Saturday, December 03, 2005

You can be invincible if you do not enter any contest in
which victory is not up to you
. [ Encheiridion 19 ]


Epictetus says this several times, referring of course to our struggle to live virtuously, in control of our judgments and desires and choices. You can be undefeated in this arena because these things, and these things alone, are in your hands.
Perhaps, but isn’t our experience that externals are sometimes much easier to master than inner virtues? Aren’t fitness and money and respect easier to claim than a reliable self-discipline & self-control, much less tranquility? It seems to me that I at least have a poor record in the contests for virtue I’ve entered. Maybe I’m 18-30-10, not exactly a contender. My record with externals is quite a bit better.
You can say of any new fighter that he can go undefeated, but name me a champion who did. In the struggle to master some virtues I do not see that victory is “up to us” in any meaningful sense. Will I become courageous enough to face the terrible things I will experience on the battlefield? Maybe and maybe not. If you begin to think "I am courageous enough to face anything ", the world will test you and you will probably not like the result.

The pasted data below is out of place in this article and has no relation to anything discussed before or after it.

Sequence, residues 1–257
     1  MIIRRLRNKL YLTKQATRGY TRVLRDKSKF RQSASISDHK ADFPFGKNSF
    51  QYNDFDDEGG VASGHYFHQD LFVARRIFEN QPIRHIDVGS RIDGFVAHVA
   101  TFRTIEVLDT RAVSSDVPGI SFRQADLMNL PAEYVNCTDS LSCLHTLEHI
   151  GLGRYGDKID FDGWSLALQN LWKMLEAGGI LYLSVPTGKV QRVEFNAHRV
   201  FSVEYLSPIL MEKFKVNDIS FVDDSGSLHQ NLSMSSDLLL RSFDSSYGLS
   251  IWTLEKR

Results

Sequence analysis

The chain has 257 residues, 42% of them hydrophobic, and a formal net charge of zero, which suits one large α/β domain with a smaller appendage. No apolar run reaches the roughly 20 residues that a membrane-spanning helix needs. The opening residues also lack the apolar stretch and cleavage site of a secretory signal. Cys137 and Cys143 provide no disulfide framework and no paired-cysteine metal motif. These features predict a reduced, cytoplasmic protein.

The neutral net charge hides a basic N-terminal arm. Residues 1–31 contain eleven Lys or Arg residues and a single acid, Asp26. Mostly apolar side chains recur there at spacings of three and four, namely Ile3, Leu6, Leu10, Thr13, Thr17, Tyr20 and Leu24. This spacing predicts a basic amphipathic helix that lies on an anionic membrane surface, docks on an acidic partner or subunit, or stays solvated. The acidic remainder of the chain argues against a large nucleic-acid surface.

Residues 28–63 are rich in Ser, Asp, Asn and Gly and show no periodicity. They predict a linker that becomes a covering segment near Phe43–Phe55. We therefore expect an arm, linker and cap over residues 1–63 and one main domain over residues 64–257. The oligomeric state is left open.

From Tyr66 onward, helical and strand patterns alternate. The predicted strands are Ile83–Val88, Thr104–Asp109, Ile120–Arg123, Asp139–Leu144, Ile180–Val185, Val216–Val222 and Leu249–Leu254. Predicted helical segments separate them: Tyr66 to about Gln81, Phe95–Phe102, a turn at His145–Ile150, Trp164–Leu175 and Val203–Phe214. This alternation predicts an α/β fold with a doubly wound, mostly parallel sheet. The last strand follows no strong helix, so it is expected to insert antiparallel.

1 Comments:

Blogger Henry Jones said...

This, I feel, is a complete misreading of Epictetus. My understanding is that the contest he is referring to is the usual run of the mill, everyday business, of winning a contract, getting a book accepted at a publisher, defeating the plans for a motorway to run across the bottom of your back yard ... things like that.

I don't think he views the attainment of virtue as a contest. With whom would one be in competition? Virtue can be attained by simply making the correct evaluative judgements of things, and striving for what is appropriate. The non-Stoic may well get upset at losing the contract. They may even resort to underhand dealings in order to beat the other guy. That is to act viciously, and to fall into the pathê, and lose one's good flow of life.

The Stoic does not get upset, and they certainly do not resort to vice. They act with reservation, contracting with themselves that they will succeed if nothing intervenes. They value the manner of their conduct, not the outcome that their conduct produces. If their project fails, they know that they themselves have not failed.

3:41 PM  

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